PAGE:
Not long after she had checked me, I vomited.  I was thrilled, not just because I felt much better, but because I knew it meant I was transitioning.  As the contractions picked up intensity, Eric pulled out the list of names I had tucked in to our hospital bag: women I love who are facing infertility, secondary infertility, miscarriage, and infant loss.  During times of pain, he stood by my side and quietly read their names out loud. I let my body be a prayer for these women I love, asked my Lord to let my suffering somehow alleviate their own.
The next time she checked me (around 8 a.m.) she declared me to be over 9.5 cm.  One more contraction should do it, she said, and after that I could just push when I felt ready.
Eric and I looked at each other and -scout’s honor!- laughed. After the long and agonizing labor two years ago (when I’m pretty sure Eric had begun to wonder if he had accidentally married Gollum), we had fervently hoped that this one would be different. And I had felt optimistic about that because not only did I now have a notch in my birthing belt, but I felt better about the way I had prepared for it. But still.  It’s childbirth.  How often are you really surprised by the mildness of it?
My water had still not broken, so my midwife broke it right before I began pushing.  It took me awhile to really feel a groove with the pushing, but once things ramped up I was hoping against hope that it would be one of those “just two pushes and he was out!” stories.  The pushing stage of Moses’ birth was by far the most discouraging part for me (sunny side up + oddly angled resulting in 3.5 hours of effort and ending in an episiotomy), and I soon came to realize that I had some major mental hang-ups from it.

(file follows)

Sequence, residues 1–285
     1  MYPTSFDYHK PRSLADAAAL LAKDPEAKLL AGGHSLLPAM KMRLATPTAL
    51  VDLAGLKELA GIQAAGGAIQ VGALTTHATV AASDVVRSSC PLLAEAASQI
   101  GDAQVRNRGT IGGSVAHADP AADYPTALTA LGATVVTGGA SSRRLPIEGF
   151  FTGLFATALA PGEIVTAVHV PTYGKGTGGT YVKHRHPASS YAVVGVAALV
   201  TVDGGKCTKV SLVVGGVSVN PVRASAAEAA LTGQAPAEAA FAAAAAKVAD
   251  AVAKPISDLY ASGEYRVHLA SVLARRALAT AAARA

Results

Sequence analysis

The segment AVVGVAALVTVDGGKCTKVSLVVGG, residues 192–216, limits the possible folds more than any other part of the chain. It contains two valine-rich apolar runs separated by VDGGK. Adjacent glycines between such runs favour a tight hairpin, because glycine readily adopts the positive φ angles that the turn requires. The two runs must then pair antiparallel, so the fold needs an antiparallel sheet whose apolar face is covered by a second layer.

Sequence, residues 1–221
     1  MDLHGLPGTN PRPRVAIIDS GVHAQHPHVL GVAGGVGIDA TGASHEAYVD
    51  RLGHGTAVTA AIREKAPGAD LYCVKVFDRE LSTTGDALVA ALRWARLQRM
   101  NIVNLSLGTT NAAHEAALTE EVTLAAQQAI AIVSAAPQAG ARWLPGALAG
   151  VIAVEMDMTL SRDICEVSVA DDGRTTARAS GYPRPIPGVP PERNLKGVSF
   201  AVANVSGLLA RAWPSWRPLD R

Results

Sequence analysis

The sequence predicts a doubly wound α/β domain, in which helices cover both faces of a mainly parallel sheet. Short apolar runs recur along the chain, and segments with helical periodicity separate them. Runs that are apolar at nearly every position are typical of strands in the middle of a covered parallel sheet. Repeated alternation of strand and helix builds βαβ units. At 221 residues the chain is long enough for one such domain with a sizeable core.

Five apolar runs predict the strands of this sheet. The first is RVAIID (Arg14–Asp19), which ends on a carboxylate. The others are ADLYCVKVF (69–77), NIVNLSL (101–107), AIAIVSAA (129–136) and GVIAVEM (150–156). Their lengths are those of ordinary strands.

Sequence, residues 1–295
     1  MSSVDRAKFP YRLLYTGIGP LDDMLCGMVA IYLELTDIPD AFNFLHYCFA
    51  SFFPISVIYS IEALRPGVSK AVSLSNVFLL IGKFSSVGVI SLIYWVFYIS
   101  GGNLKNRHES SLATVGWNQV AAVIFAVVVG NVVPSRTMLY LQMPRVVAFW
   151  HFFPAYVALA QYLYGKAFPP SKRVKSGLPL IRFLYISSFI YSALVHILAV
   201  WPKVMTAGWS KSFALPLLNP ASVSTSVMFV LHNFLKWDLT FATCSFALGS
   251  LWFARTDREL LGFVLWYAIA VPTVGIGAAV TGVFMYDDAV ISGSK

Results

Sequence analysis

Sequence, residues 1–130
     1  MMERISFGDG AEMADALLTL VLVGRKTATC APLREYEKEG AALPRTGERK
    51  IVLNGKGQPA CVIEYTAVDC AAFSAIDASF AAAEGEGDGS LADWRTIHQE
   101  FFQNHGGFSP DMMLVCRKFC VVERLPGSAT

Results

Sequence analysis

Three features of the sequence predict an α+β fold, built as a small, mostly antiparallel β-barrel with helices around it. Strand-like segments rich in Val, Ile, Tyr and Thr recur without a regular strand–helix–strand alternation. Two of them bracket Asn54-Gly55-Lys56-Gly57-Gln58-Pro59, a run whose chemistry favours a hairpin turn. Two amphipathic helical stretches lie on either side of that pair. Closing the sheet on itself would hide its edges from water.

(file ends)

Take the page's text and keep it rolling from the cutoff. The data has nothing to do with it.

One thing I knew I wanted to do differently in this birth was to try different positions for pushing. I briefly thought about trying a squat as I had planned but instinctively knew that didn’t feel right.  I got on my hands and knees for a bit but that position created a pain in my hips that was unbearable.  I had Eric push on my hips with all his strength during contractions, which helped a lot, and baby did lower during that time, but the midwife suggested that a back position would alleviate the pain.  She was right, so I ended up delivering him in a sit/lay angle with my knees pulled up.
And I have now lost the two males who were attempting to read this.
Anyway, after over an hour I started in on a quasi-panic.  I can’t do it. I can’t push him out on my own, I need an episiotomy.  It wasn’t true, of course, but how much of childbirth is a battle against our minds?  He was actually in a great position and was making progress downward with every push.  But the pain and the passing time were trying to convince me otherwise.  Eric remembered that I had wanted a mirror to see our baby enter the world, so the nurse quickly found one in the room and he held it up for me.  My wonderful midwife gently asked if I would like to feel his head, which I did.  I still think being able to see and feel how very close I was to holding my child was what gave me the strength to get him out.
But I’m ahead of myself.  First I touched the brink of despair, my body burning for what seemed like half an hour as his head stubbornly refused to emerge and I stubbornly refused to let it retreat.  I put words to my fears, said them out loud to the midwife, to the (precious) nurse, to my husband, to myself.  I’m afraid I can’t do it on my own. He’s stuck, he’s stuck just like Moses, I know it.  They wouldn’t hear of it, wouldn’t let me believe it for a second.  The midwife explained that the scar tissue was simply not as stretchy as normal skin would be, but that progress was constantly being made with every push.  Just get him out! I begged at one point.  My midwife laughed, “you get him out!”.
So finally, I did.

9:52 a.m., about 5.5 hours after contractions began.  Not bad, little buddy.

They put him on me immediately and let us snuggle for as long as our hearts desired.  When they finally weighed him: 9 pounds, 6 ounces.  Holy smokes, I’ve never felt so validated.

Taavi Ross Evans, you are so very very loved. Thanks for coming out.
And P.S. – I’m so glad you’re a boy.  You are exactly what was missing.

Guest Blog @ Relaxed Parenting Blog by Shannon at We, A Great Parade in Iowa – Midwestern United States